Editorial

The best health care plan

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EDITORIAL The health care model that's been established, largely by default, in the United States is an utter mess. Most working people get their insurance through their employers. Read more »

Don't fear the t-word

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EDITORIAL The attack ads started almost the moment Phil Angelides won the Democratic nomination for governor, and they'll continue until November, funded by Gov. Arnold Schwarzenegger's seemingly bottomless war chest and carrying a misleading message that has become the vicious refrain of right-wingers everywhere:
The Democrat wants to raise your taxes.
Let's get this straight, just for the permanent record: Angelides is not proposing to raise taxes on anyone who makes less than $500,000 a year. Read more »

Put away the cameras

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EDITORIAL The rate of violent crime in San Francisco, including murder, is climbing, and it's way past unacceptable. Progressives aren't generally known for their crime-fighting plans, but in this case the left flank of the Board of Supervisors, led by Ross Mirkarimi and Chris Daly, has offered a real, functional plan: an increase in community policing and additional funding for violence-prevention programs. However, Mayor Gavin Newsom and the cops are against that, and they helped knock it down on the June 6 ballot.
So what does the mayor want to do? Read more »

A full-time school board

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EDITORIAL The San Francisco Board of Education oversees a budget of more than $400 million. Its seven members attend regular board and committee meetings, analyze complex financial documents, visit school sites, meet with parents and administrators, attend conferences and trainings ... and try to find a little bit of time to think about the future of public education in a very difficult urban situation. It's one of the most important jobs in the city. And the board members get paid about $500 a month. Read more »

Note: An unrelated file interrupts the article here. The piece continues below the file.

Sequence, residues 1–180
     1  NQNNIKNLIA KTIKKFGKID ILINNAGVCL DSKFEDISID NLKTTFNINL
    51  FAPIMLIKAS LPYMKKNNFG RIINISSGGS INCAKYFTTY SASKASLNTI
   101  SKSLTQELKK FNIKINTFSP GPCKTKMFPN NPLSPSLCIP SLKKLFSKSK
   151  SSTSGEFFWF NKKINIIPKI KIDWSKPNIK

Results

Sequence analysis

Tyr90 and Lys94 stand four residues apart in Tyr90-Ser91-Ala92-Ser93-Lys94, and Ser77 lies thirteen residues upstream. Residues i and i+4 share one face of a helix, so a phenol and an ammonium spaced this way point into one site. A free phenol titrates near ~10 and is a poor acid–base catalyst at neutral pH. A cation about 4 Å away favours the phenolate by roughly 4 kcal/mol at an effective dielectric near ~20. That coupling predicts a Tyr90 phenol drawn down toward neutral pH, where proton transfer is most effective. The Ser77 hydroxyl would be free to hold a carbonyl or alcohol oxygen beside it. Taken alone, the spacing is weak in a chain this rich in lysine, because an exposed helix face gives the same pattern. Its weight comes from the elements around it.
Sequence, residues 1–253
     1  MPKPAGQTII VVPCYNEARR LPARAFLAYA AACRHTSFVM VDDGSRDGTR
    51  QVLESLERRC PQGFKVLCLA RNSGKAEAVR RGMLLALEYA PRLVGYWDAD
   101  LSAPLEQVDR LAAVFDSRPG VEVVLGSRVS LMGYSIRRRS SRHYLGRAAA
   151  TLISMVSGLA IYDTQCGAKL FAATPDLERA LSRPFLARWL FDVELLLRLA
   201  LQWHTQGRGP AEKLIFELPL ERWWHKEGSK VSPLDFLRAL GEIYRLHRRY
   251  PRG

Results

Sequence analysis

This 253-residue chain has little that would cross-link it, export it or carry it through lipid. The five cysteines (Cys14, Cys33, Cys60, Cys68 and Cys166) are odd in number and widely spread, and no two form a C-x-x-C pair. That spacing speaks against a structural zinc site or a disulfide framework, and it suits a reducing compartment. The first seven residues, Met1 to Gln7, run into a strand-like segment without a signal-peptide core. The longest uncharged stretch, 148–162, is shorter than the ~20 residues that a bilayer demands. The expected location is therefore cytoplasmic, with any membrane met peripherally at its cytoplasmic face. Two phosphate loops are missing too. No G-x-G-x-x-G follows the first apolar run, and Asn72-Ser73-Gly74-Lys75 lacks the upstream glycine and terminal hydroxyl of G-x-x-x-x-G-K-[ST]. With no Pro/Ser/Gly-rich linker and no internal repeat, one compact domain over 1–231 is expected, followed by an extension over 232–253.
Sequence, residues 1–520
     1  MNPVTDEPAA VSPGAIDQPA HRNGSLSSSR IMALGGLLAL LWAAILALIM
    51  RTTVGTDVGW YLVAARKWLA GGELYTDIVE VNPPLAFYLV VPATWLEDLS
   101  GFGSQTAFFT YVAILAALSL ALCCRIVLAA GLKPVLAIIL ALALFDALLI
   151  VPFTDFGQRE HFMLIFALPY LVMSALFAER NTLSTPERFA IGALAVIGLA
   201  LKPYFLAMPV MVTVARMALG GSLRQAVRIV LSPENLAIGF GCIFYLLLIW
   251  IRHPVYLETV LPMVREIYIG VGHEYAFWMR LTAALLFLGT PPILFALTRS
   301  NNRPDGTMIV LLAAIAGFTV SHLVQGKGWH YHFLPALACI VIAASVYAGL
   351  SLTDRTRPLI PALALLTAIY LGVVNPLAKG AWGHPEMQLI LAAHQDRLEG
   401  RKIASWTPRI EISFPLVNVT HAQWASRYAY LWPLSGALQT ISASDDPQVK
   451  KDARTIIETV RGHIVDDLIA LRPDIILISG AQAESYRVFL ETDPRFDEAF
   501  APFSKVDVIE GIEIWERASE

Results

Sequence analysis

Don't relicense the Diablo nuke

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EDITORIAL The Pacific Gas and Electric Co. made one of the dumbest moves in modern environmental history some 40 years ago when company executives decided to build a nuclear power plant on an active earthquake fault. The seismic issues and serious construction and safety problems along with a powerful antinuclear movement kept the Diablo Canyon plant from opening until 1984. Read more »

A simple, fair tenant bill

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A simple, fair tenant bill

 

 

 

Legislation that would ban landlords from arbitrarily eliminating services or restricting access to common space in residential units is likely to get seven votes at the Board of Supervisors June 6th. It’s also likely to get a mayoral veto. So tenant advocates ought to be putting the pressure on Sup. Bevan Dufty, who is one of the mayor’s allies – but is also in a district where a majority of the voters are renters.

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Downtown's "Hail Mary" lawsuit

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EDITORIAL This one is way over the top: The San Francisco Chamber of Commerce and the Committee on Jobs filed suit last week against the San Francisco Board of Supervisors, alleging that the supes won't implement Proposition I, the 2004 ballot measure that was aimed at derailing progressive legislation. The suit makes little legal sense: The downtown crew is demanding that the city do something that it's already doing, for the most part. Read more »

Why Conroy should go

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EDITORIAL Mayor Gavin Newsom made a weak attempt to deal with the political fallout from the Office of Emergency Services audit last week, appointing Laura Phillips, who appears to have some qualifications for the job, as the head of emergency communications.

But Newsom refuses to follow the most important recommendation from the scathing audit. OES director Annemarie Conroy still has her job.Read more »

Endorsements: The Greens

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EDITORIAL We've long encouraged the California Green Party to focus its energy on local races, and in San Francisco, the Greens have had considerable success: Matt Gonzalez and then Ross Mirkarimi were elected supervisor as Greens (and Gonzalez made a hell of a run for mayor). Sarah Lipson and Mark Sanchez won school board seats. Read more »

Next: Shut down Mirant

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EDITORIAL It's taken years, even decades of fighting, but the noxious, deadly Hunters Point power plant finally shut down this month. After a string of lies and broken promises, Pacific Gas and Electric Co. bowed to community pressure and pulled the switch May 15, stopping the flow of asthma-causing pollution from the ancient smokestacks and immediately offering cleaner air to a neighborhood that has been plagued by respiratory illness. Read more »